The end of one year, and the beginning of the next, is always a good time for reflection and planning. As you already know, technology ages quickly and last year's computer can become this year's paper weight.
Here are some guidelines for your technology purchases for the coming year.
- Retire Windows 98, Windows ME, Windows 2000 and Macintosh OS 9 computers
"The time has come, the walrus said..." to move beyond these technologies. In all cases, Microsoft and Apple no longer provide support for any of these operating systems. We can use online resources to research issues, but if you are still using these operating systems, its time to move on.
- Vista and Leopard are coming
Both Microsoft and Apple will be rolling out major new versions of their operating system in 2007, so prepare accordingly. I don't necessarily recommend upgrading existing machines to the new systems, but you want to insure that any new computers you purchase are ready for them. Windows computers being sold now should have some indication of "Vista Ready" on their case or in their documentation. Any Apple computer using the new Intel processors should also be fine for Leopard.
That said, you will also want to insure that any new system has enough memory to run Vista or Leopard well. Where my previous recommendations for memory (RAM) was a minimum of 512K, these new operating systems, with all their new bells and whistles, has caused me to raise the to 1 gigabyte (GB) of RAM. If your new system does not include this amount of memory, have it added before you take it home.
- Dial-up Internet Access
The time has also come to eliminate any dial-up Internet access accounts you have. The size and frequency of updates from Microsoft, anti-virus vendors and others is simply to great to allow the usage of dial-up connections any longer. Most high-speed internet providers are offering lower-speed options (yet still much faster than dialup) at prices rapidly approaching that of dial-up.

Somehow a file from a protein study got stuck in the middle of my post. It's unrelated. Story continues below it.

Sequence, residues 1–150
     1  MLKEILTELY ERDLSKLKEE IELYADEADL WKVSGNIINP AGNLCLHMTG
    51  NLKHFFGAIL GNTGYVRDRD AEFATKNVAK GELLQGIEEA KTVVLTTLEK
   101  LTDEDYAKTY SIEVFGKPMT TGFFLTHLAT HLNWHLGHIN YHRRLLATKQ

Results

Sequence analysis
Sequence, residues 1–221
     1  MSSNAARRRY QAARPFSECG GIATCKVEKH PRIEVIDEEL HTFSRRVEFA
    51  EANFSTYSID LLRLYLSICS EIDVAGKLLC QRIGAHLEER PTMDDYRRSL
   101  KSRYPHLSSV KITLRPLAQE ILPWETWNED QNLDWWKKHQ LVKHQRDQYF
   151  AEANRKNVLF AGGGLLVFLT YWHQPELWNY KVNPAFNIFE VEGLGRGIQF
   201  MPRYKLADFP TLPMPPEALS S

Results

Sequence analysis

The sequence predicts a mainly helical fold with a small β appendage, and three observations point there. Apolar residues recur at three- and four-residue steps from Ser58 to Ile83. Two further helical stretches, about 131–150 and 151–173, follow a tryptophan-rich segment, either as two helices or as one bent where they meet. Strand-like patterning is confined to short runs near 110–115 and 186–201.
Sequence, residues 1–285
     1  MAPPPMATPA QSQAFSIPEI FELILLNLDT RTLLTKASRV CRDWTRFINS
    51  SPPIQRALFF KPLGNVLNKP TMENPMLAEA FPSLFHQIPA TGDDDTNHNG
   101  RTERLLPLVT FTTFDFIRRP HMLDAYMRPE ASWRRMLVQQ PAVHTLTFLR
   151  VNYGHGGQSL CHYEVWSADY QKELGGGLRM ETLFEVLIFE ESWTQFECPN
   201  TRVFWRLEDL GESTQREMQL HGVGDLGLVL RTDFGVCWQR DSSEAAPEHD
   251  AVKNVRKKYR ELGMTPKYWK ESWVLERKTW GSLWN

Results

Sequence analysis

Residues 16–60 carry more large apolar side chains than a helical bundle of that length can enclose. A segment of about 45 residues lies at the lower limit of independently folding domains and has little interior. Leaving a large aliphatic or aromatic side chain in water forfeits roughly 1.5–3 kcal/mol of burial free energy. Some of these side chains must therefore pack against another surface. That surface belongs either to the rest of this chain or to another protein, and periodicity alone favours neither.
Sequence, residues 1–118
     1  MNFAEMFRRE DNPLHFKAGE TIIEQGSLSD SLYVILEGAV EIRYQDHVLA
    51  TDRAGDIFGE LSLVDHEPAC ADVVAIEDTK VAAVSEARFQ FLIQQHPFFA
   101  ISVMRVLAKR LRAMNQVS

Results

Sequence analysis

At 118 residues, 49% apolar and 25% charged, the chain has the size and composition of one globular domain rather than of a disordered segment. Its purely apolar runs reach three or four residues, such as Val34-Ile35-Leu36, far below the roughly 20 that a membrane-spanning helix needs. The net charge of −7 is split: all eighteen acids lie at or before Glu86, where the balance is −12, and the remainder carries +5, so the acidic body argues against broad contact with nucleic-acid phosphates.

Make sure you are getting the most from your computer. Don't slow it down with a slow Internet connection.
- Save money by making use of FREE open source and Web-based applications
As each day passes, it becomes less necessary for many users to spend hundreds of dollars on Microsoft Office and other productivity suites. Free software like OpenOffice (http://openoffice.org) and online word processors, calendars and spreadsheets like Google Documents (http://docs.google.com), mean that you can be productive without draining your bank account. Look for an upcoming TechnologyIQ article on my favorites.
If you have any questions or comments on these recommendations, contact me directly at email@example.com or post your questions on the Friends in Tech Forums at http://forums. friendsintech.com/
Ask your technology questions BEFORE you buy. Join Douglas E. Welch, a computer consultant and writer with 20+ years of technology experience, and find out what to buy the technology-lover in your life.
TechnologyIQ is a LIVE talk show about technology, including, but not limited to computers, home appliances, cell phones and any other technology you might encounter during your day. Join the discussion and ask your most pressing questions LIVE. The show will also be available as a podcast -- meaning you can still receive it automatically, even if you can't attend.
If you ever attended one of my computer classes at the Sherman Oaks Branch of the Los Angeles Public Library, this show will be along the same question and answer format but the topics will be more varied.
The next episode of TechnologyIQ is scheduled for Monday, December 18, 2006 @ 6PM PST, before the Christmas holiday, so you can get some great advice for all those holiday purchases.
Please let me know what days and times would be best for you for future shows. We will have a national audience, but I want to include as many of my clients and past students in the mix, as possible.